U.S. Construction Machinery New Orders vs NFPA Hydraulic Shipments

US Construction Machinery New Orders vs NFPA Hydraulic Shipments

Our next indicator is U.S. Construction Machinery New Orders, another orders data series that originates from the U.S. Census Bureau’s M3 report. While not in the nineties, a correlation of 80.7% is still considered a strong relationship. This indicator also offers a short lag of two months. You would interpret this relationship as when U.S. Construction Machinery New Orders increases/decreases from one month to the next, there is an 80.7% chance that NFPA Hydraulic Shipments will experience the same trend two months later.  Validation: Pass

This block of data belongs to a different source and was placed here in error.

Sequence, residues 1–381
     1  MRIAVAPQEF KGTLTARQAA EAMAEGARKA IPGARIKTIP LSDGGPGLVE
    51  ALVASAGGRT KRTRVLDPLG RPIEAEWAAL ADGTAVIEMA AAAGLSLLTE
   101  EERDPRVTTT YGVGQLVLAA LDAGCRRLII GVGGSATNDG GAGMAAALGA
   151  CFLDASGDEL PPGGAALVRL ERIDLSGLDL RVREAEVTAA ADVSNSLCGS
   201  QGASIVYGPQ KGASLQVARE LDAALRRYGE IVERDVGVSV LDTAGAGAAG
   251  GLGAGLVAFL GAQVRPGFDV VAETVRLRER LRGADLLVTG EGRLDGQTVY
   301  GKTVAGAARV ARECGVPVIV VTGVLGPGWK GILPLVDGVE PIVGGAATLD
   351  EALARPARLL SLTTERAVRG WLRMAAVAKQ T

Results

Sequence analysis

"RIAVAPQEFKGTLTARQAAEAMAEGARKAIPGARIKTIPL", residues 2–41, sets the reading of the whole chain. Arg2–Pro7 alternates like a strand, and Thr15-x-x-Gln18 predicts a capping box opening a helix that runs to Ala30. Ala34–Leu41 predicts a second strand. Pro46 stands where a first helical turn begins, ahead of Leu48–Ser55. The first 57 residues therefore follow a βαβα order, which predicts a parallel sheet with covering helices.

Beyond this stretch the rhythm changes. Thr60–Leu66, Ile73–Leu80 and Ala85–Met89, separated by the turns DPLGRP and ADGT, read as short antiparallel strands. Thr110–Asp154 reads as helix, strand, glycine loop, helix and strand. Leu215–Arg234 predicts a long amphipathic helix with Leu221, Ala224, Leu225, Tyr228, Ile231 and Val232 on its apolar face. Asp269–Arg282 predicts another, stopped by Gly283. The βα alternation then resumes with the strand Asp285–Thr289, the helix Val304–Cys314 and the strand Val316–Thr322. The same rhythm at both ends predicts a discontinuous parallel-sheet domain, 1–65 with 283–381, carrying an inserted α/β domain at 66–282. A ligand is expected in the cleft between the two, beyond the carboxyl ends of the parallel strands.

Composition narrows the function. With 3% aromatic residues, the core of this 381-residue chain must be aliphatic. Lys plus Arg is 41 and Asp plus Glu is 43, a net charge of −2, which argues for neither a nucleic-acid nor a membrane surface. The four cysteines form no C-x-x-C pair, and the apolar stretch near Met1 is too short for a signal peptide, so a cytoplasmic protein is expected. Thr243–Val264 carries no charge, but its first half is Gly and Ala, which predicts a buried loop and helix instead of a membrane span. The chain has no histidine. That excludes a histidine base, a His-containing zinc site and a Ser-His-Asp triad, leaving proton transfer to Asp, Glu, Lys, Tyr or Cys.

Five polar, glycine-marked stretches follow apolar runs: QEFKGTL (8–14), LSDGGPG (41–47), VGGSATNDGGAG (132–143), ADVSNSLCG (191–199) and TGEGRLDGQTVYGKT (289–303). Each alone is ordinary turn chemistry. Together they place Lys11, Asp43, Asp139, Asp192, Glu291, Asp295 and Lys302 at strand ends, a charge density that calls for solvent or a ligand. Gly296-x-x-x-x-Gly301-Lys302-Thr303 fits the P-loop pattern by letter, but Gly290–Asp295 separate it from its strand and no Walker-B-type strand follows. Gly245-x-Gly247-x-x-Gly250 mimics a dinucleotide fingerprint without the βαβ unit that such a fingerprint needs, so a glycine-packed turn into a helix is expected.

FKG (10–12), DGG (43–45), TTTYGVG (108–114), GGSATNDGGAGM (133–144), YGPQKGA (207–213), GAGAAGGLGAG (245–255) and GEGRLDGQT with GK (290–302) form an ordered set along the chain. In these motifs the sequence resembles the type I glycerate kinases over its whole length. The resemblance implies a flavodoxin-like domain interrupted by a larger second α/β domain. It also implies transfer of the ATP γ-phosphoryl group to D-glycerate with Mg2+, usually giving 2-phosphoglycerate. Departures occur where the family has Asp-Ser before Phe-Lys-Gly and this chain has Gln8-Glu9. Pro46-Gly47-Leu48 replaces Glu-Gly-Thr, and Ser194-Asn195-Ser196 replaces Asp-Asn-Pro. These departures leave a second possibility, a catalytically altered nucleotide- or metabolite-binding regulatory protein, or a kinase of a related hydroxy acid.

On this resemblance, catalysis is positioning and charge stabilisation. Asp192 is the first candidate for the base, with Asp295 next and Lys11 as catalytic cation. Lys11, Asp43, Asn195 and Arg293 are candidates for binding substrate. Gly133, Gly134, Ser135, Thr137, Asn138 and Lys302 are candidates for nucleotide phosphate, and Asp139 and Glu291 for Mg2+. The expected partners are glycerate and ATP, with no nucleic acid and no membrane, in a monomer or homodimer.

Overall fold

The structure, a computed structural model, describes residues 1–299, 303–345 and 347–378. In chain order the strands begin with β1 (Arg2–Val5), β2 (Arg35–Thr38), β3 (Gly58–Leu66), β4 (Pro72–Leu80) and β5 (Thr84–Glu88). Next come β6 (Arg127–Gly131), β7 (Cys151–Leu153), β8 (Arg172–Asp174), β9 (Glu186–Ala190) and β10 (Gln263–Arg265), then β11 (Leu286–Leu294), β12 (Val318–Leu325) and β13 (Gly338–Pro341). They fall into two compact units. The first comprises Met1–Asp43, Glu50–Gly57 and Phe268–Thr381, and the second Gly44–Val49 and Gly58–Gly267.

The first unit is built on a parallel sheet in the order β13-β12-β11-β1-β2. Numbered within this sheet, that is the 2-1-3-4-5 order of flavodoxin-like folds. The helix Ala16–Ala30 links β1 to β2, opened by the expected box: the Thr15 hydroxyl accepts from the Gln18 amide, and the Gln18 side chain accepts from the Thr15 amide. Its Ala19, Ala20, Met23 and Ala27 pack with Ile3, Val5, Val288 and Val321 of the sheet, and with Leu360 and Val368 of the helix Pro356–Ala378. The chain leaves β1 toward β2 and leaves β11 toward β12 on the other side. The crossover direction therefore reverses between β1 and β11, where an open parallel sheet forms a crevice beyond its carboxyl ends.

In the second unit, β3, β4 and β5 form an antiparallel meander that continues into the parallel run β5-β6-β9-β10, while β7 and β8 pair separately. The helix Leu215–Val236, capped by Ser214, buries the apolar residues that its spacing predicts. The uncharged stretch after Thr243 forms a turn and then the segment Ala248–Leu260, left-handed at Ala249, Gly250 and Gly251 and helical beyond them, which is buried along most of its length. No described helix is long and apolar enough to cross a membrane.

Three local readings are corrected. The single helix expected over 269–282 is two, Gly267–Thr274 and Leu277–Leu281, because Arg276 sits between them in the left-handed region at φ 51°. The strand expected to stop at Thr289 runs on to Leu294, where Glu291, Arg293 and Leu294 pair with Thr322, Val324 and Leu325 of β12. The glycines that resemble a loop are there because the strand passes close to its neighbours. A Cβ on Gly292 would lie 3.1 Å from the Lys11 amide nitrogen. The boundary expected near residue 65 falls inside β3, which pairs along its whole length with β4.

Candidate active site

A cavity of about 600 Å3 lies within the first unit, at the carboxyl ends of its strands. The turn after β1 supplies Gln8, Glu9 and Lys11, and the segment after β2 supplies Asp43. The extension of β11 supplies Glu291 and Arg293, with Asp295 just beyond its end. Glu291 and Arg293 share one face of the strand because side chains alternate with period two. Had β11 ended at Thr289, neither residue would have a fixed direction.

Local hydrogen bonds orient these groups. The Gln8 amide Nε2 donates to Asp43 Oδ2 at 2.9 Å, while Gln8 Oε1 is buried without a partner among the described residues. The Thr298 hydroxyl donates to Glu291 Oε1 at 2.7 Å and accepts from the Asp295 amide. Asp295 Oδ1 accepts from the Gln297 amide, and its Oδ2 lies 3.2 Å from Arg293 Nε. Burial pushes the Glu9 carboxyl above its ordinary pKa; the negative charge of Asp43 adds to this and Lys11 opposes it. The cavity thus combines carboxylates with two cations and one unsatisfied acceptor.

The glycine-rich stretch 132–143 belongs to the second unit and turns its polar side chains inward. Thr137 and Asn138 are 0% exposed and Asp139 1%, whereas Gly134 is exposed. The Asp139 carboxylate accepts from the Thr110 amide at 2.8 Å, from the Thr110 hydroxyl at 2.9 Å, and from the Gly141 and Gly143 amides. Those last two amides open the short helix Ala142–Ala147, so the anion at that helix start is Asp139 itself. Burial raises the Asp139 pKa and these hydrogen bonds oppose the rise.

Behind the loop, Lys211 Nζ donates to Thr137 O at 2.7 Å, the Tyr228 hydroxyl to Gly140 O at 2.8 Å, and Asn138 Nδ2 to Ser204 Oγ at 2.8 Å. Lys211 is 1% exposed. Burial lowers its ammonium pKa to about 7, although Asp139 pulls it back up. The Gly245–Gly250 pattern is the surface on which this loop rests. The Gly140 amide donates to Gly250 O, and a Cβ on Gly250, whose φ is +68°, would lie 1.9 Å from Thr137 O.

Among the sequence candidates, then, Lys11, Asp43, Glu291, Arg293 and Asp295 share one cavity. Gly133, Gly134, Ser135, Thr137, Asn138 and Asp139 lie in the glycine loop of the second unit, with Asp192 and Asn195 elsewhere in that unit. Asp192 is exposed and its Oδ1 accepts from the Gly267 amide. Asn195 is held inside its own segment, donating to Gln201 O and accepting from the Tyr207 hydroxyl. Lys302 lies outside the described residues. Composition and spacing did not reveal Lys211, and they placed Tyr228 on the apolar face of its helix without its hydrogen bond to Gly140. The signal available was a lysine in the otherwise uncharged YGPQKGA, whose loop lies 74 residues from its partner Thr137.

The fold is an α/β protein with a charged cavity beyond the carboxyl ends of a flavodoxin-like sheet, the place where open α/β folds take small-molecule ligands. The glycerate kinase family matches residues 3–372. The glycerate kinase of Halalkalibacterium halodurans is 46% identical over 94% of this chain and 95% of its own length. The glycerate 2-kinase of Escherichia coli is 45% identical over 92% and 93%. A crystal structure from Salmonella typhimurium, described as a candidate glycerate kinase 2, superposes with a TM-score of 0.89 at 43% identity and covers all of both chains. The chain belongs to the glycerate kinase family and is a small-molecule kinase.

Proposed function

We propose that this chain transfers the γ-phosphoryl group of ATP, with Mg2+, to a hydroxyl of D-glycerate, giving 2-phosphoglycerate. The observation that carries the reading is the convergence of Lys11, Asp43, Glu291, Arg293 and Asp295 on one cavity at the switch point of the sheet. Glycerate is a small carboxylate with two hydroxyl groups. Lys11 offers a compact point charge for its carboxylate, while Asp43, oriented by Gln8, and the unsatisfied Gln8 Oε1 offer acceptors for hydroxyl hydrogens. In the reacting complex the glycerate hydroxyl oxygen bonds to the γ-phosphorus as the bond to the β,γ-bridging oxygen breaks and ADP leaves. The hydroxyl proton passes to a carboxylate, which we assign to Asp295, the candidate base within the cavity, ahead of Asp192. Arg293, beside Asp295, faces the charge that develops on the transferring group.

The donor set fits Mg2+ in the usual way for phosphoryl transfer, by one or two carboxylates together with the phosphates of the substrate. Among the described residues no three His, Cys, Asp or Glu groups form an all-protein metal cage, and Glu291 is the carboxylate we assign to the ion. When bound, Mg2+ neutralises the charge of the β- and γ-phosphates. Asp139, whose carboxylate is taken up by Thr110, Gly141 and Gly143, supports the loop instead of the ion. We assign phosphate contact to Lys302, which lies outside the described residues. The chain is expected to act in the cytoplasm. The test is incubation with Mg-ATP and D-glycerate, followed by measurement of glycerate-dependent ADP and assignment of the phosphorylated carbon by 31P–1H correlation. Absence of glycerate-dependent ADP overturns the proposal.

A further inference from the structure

U.S. Material Handling Equipment New Orders vs NFPA Hydraulic Shipments

US Material Handling Equipment New Orders vs NFPA Hydraulic Shipments

Our next indicator is U.S. Material Handling Equipment New Orders, another orders data series that originates from the U.S. Census Bureau’s M3 report. Here we have our first indicator with a correlation in the seventies, 73.2% to be exact. This is still considered a good relationship with a very short lag of one month. A general correlation percentage cut-off for a usable indicator is 70.0%. You would interpret this relationship as when U.S. Material Handling Equipment New Orders increases/decreases from one month to the next, there is an 73.2% chance that NFPA Hydraulic Shipments will experience the same trend one month later.  Validation: Pass

 

U.S. Mining Machinery New Orders vs NFPA Hydraulic Shipments

US Mining Machinery New Orders vs NFPA Hydraulic Shipments